Last updated on 9th November 2022
There is a time for many words, and there is also a time for sleep. Homer, the Odyssey
Modern life doesn't feel well adapted to having a siesta. Even if I'm happily asleep in the afternoon, most of those who I might communicate or interact with are likely to be busily in the heart of their work days. Is being tempted to sleep a bit after lunch more a sign of age, infirmity, lack of adequate night time sleep or possibly excessive alcohol with my meal. Or is sleeping in the afternoon a skilful response to our natural circadian rhythms and a solidarity with much of the animal kingdom who regularly sleep at some stage during the day ... for example, male lions sleep for 18-20 hours daily!
The authors of the recent paper Systematic review and meta-analyses on the effects of afternoon napping on cognition comment "Naps are increasingly considered a means to boost cognitive performance. We quantified the cognitive effects of napping in 60 samples from 54 studies ... Afternoon naps have a small to medium benefit over multiple cognitive tests (e.g. memory, vigilance, processing speed). These effects transcend age, nap duration and tentatively, habituality and prior nocturnal sleep." And similar benefits are also noted in a further recent review - Effects of a short daytime nap on the cognitive performance: A systematic review and meta-analysis - with its abstract reading "Napping in the workplace is under debate, with interesting results on work efficiency and well-being of workers. In this systematic review and meta-analysis, we aimed to assess the benefits of a short daytime nap on cognitive performance ... Despite the fact that our meta-analyses included almost exclusively laboratory studies, daytime napping in the afternoon improved cognitive performance with beneficial effects of early nap. More studies in real work condition are warranted before implementing daytime napping at work as a preventive measure to improve work efficiency."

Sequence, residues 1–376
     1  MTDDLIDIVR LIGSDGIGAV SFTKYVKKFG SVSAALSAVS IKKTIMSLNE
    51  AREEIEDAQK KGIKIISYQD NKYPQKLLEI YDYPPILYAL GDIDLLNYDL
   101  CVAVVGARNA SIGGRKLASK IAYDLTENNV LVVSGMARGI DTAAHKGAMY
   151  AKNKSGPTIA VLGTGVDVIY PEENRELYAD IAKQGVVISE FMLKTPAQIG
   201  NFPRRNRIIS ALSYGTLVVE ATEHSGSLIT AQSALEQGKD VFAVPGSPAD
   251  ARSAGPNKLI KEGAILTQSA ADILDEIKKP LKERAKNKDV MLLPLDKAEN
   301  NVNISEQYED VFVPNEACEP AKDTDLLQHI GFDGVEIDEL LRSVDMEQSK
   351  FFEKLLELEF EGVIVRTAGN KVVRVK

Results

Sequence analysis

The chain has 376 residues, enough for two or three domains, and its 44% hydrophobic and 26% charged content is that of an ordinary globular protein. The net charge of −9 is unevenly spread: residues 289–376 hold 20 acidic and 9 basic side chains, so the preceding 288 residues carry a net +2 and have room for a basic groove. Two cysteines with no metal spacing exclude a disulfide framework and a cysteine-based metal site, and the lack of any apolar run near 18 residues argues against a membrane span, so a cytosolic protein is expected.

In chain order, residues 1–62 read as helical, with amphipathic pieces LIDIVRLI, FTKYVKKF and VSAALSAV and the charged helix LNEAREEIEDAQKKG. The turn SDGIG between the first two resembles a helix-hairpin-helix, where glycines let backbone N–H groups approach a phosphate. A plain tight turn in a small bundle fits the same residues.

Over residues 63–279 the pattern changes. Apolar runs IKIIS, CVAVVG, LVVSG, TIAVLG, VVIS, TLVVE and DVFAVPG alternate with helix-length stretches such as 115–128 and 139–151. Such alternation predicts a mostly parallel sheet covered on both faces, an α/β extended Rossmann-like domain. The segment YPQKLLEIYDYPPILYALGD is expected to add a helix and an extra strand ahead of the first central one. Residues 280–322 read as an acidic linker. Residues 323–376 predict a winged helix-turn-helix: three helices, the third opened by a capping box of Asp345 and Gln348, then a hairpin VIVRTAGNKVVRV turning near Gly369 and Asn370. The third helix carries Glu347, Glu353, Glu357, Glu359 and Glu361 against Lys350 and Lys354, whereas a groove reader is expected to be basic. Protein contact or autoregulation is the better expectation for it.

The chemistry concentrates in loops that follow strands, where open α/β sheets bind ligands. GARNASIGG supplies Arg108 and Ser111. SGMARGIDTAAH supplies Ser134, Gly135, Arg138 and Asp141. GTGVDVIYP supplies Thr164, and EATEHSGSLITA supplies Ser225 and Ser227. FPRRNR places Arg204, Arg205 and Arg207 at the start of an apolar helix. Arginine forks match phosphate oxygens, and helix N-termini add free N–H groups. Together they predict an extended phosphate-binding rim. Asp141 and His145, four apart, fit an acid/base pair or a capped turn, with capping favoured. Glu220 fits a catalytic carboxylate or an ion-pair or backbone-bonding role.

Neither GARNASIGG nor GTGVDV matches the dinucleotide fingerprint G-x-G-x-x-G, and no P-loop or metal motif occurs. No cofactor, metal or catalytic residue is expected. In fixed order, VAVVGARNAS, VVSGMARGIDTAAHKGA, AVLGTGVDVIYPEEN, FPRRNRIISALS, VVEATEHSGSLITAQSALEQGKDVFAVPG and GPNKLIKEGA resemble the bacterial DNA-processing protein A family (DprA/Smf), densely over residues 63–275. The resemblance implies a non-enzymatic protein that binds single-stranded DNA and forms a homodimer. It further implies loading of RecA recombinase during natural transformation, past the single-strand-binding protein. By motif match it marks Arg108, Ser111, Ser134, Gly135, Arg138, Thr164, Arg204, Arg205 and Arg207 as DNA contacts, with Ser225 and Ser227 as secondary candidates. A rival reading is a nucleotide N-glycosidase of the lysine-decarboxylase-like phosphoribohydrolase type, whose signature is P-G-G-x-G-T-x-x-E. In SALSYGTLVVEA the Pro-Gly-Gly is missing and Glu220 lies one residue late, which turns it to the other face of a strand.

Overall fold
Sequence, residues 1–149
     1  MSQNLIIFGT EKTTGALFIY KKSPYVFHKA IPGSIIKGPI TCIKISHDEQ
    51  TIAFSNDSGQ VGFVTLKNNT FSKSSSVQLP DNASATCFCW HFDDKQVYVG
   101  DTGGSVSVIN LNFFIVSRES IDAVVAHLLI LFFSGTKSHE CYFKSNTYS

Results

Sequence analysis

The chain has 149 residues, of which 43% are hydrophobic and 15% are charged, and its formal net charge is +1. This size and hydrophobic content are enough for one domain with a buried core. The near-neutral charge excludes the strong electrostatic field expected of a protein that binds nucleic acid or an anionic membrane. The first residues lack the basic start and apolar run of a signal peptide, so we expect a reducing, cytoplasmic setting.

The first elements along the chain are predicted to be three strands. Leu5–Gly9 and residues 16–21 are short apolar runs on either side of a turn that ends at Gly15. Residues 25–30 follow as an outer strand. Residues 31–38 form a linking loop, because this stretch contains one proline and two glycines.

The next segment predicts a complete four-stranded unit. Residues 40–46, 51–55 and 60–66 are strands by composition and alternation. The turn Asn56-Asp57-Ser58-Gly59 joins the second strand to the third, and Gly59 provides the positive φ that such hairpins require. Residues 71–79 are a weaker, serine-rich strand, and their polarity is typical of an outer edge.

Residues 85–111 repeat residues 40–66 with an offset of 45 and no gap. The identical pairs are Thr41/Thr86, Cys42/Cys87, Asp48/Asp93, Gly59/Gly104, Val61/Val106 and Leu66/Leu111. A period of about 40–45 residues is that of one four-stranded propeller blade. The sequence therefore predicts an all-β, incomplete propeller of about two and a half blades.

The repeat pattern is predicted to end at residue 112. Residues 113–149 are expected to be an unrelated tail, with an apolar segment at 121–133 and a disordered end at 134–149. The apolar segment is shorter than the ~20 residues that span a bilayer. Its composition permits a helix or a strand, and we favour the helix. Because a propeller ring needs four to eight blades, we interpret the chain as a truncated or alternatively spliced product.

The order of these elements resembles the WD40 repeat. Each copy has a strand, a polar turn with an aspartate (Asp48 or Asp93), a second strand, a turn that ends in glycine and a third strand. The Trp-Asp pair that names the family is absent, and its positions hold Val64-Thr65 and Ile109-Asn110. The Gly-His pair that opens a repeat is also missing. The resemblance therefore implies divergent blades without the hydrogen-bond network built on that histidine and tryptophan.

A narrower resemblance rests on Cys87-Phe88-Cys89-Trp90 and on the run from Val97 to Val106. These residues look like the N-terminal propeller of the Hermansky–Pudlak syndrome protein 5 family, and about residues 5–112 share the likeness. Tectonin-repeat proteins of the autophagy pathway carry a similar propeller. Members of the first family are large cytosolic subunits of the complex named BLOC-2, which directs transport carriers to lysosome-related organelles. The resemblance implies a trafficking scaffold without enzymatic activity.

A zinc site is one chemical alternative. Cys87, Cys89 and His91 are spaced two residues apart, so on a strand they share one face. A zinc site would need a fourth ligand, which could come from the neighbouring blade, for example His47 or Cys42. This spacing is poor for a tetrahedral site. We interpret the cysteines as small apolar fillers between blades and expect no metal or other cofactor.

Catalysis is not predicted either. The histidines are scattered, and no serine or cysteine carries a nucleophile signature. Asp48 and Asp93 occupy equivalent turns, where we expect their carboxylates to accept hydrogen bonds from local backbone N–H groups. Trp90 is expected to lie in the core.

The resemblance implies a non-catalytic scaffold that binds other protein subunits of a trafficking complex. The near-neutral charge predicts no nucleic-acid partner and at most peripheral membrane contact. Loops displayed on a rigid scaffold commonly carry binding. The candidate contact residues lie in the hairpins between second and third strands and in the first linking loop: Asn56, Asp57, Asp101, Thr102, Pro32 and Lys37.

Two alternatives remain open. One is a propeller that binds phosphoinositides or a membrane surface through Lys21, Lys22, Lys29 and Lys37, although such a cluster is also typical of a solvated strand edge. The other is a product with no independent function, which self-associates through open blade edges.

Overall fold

More to follow ...